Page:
You’ve probably never pictured a Bedouin, his proud turban and galabeya, hiking up a mountain to do some exercise. But last October, under the sunrays of Jebel Abbas Basha in Egypt’s Sinai Mountains, this is precisely what they did.
Over 60 hikers from countries such as Russia, UK, New Zealand, Austria, Chile and Holland joined the ‘Sinai is Safe’ trek, an event entirely run by bedouins in an effort to challenge mainstream narratives of the Sinai and connect with the world in a positive way.
The group hiked up the 2,383 meters of mount Jebel Abbas Basha, one of the biggest mountains in the region and an iconic out-of-the-radar peak, which boasts an unfinished Ottoman palace at the top. “The walk isn’t just a one off event; one of its legacies will be the growth of the Hiking Club, a non-profit organization that will arrange monthly treks in the Sinai,” says Ben Hoffler, a travel writer who co-organized the hike.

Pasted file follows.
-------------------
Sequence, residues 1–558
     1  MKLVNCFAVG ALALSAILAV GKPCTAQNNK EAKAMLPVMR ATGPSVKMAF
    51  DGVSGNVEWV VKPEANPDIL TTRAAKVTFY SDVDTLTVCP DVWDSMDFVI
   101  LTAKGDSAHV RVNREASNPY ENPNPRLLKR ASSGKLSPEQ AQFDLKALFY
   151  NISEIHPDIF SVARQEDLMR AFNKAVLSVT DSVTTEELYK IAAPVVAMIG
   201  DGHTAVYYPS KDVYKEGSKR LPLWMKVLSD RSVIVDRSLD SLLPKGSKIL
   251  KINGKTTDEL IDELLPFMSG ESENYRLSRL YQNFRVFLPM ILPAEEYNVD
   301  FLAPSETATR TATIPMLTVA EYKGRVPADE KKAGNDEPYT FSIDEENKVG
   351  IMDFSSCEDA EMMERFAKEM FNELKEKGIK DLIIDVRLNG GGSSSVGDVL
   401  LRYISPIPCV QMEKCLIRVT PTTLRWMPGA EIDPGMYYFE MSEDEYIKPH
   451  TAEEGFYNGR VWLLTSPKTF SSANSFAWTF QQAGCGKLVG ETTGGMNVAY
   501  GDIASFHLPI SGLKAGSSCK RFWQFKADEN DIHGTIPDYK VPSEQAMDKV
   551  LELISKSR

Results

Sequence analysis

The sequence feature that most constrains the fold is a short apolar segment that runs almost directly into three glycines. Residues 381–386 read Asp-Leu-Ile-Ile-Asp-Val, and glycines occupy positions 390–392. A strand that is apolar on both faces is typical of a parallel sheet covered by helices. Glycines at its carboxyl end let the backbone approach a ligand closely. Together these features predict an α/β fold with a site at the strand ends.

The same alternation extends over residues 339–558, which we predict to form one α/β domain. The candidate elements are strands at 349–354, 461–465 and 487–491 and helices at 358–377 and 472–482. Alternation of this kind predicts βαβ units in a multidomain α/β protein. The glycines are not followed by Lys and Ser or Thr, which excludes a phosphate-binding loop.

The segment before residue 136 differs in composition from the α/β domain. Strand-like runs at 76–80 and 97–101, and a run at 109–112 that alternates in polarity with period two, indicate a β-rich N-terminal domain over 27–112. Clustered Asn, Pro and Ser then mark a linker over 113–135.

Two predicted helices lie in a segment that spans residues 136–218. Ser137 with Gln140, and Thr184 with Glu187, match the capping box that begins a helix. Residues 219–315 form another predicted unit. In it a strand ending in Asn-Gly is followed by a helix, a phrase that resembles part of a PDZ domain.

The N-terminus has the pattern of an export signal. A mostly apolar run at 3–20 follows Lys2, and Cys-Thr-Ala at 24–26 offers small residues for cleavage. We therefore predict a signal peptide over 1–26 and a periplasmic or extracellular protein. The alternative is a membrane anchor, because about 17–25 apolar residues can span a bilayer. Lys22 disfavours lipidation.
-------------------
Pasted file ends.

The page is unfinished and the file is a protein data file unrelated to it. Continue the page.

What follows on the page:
The group is confident that the initiative will create momentum and encourage more tourists, both Egyptian and foreign, to embark on wellness activities. “We are hoping the walk will make more Nile Valley urbanites think about an alternative active outdoors holiday, which in turn can directly benefit local Bedouin communities,” Hoffler told BarakaBits.